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Many taxpayers are unaware of the stiff penalty the CRA will impose on a taxpayer if they fail to report income from a T-slip on their tax return. This penalty is imposed whether the omission was intentional or not. The way the penalty works is the CRA will impose a penalty of 20% on the unreported income for failure to report income twice in a four year period. The amount of income not reported the first time is not relevant – the second unreported amount in the four year period will be assessed the penalty.

What taxpayers need to be aware of is that the CRA has a sophisticated T-slip matching program whereby they check the amounts and slips reported on your tax return against the slips filed with the CRA. This makes the penalty inevitable if a slip is not reported on your tax return.

For example, Ms. Z has several investment accounts and as a result receives several T-slips each year. Ms. Z unintentionally excludes a T5 slip with interest income of $50 from her 2010 tax return. After running its slip matching program the CRA notices that this sip was not reported. The CRA reassess Ms. Z’s 2010 return and includes the income.

Now in 2011 Ms. Z, again, unintentionally forgets to include a T5, but this time it’s for $10,000. Again, the CRAs slip matching program uncovers this omission and reassess her return. However, because she had failed to report income twice in a four year period she is assessed a penalty of $2,000 plus interest ($10,000 x 20%). Even though the first missed slip was only for $50, because she do not report income twice in a four year period the amount from the second missed slip is assessed the penalty.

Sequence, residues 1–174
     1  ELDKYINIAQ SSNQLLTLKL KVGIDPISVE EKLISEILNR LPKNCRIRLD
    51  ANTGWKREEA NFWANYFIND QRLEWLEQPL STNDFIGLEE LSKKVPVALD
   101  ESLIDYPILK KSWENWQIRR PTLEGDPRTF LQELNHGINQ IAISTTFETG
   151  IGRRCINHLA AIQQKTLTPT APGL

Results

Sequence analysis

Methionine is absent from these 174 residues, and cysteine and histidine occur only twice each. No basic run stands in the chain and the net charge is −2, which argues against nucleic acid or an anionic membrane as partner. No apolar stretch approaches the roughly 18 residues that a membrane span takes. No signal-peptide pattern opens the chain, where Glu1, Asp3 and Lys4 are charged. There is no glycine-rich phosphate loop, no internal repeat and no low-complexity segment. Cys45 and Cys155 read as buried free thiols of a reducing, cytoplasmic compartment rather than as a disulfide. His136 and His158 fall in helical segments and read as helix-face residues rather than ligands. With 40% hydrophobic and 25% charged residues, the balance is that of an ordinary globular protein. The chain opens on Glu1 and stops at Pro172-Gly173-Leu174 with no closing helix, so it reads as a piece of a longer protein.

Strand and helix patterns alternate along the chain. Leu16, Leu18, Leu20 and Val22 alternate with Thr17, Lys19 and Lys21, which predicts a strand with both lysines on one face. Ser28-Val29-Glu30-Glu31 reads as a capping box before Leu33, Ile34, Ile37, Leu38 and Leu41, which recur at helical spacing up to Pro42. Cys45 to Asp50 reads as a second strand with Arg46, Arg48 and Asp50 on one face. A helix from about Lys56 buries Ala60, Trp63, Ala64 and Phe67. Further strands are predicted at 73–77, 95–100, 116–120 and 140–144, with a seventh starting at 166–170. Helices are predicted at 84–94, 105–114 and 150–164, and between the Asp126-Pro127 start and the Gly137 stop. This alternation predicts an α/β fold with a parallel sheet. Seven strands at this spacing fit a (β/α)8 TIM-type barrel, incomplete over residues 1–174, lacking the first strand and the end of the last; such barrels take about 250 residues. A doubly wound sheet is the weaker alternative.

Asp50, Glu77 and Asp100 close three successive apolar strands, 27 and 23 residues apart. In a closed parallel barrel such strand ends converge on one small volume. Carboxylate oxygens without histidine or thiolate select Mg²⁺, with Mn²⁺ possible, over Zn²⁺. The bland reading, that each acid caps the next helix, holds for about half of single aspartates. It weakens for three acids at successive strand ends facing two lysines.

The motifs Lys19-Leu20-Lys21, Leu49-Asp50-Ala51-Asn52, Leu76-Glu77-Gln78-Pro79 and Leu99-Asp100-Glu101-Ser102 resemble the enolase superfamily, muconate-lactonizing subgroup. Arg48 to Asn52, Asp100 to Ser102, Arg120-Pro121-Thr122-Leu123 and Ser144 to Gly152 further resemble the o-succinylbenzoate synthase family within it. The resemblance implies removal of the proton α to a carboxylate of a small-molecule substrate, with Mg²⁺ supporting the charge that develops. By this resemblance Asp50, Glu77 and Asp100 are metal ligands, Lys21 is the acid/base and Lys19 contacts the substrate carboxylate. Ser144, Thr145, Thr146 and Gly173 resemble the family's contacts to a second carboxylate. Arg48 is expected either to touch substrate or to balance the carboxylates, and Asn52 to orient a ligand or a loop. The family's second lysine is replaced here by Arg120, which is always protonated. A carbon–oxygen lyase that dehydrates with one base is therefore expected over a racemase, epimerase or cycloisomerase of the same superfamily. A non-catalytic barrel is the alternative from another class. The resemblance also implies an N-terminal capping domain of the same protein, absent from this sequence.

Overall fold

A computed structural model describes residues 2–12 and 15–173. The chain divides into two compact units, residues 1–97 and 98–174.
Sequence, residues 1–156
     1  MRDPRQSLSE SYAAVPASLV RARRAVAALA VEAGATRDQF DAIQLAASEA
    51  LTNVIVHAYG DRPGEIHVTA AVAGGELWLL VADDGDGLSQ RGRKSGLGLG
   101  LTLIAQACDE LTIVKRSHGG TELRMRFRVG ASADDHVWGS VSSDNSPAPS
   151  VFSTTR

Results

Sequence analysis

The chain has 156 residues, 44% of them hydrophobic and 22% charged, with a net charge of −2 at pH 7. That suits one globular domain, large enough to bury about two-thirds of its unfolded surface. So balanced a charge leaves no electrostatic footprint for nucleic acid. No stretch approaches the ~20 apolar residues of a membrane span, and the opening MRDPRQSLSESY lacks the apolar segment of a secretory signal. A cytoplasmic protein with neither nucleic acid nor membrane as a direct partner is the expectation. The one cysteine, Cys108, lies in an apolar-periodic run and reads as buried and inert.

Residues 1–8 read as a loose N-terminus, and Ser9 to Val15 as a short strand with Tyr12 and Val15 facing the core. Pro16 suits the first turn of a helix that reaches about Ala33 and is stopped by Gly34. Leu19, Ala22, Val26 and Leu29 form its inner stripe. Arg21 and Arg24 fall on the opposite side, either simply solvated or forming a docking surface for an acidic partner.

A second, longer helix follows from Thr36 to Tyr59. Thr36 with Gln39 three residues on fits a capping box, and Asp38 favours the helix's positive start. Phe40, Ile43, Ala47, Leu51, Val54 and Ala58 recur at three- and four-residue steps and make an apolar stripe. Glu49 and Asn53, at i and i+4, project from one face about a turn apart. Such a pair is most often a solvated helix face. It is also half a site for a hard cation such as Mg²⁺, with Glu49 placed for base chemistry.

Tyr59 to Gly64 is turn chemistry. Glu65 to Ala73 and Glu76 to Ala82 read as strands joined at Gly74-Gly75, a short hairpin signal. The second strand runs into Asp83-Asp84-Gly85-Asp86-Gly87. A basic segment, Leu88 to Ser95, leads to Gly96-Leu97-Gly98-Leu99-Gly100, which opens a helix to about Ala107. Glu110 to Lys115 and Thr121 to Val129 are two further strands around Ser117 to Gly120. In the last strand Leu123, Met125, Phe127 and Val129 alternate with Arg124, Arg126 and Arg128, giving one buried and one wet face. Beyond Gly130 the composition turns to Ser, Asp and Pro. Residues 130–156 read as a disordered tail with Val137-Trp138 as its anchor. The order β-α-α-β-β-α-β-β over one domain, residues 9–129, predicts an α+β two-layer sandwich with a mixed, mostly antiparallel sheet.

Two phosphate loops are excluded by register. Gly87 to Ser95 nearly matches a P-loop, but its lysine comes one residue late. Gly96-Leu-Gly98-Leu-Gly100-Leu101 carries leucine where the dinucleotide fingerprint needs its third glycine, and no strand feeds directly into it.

It is important that the taxpayer know how many slips they should receive each year and ensure that they report them or provide them to their tax preparer. If the taxpayer has investment accounts they should have a conversation with their broker or financial representative to ensure that know how many slips they can expect and when.

If you have any questions, please contact one of our qualified professionals.

 

Regards,

 

Rob Brown, CA

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Rob Brown

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The information contained in this article is for general use only and should not be viewed as professional advice. Accounting and tax rules and regulations regularly change and individuals should contact a competent professional to obtain accounting and tax advice based on their specific situation.

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